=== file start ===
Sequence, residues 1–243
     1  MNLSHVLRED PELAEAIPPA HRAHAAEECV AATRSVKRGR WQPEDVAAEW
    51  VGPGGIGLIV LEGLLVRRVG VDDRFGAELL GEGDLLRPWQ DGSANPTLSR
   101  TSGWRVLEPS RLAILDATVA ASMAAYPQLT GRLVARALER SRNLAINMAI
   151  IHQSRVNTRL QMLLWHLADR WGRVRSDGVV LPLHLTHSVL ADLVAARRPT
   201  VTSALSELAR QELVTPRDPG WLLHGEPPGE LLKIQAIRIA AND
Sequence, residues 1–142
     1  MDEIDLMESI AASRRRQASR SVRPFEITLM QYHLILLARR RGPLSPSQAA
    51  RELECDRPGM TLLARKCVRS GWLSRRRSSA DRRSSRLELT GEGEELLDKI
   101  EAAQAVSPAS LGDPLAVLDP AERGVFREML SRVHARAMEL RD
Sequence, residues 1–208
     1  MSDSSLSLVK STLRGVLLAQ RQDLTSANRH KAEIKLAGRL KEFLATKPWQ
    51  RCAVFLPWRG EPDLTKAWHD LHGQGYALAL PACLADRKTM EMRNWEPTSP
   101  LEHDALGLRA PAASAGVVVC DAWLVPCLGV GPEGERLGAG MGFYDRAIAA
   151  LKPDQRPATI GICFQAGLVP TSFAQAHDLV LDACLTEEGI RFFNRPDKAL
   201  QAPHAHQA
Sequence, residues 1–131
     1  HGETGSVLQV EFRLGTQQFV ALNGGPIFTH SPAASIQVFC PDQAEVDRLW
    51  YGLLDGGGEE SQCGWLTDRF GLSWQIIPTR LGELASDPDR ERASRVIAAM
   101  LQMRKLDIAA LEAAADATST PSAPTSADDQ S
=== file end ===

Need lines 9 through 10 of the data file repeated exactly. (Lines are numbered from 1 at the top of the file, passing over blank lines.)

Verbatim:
    51  RELECDRPGM TLLARKCVRS GWLSRRRSSA DRRSSRLELT GEGEELLDKI
   101  EAAQAVSPAS LGDPLAVLDP AERGVFREML SRVHARAMEL RD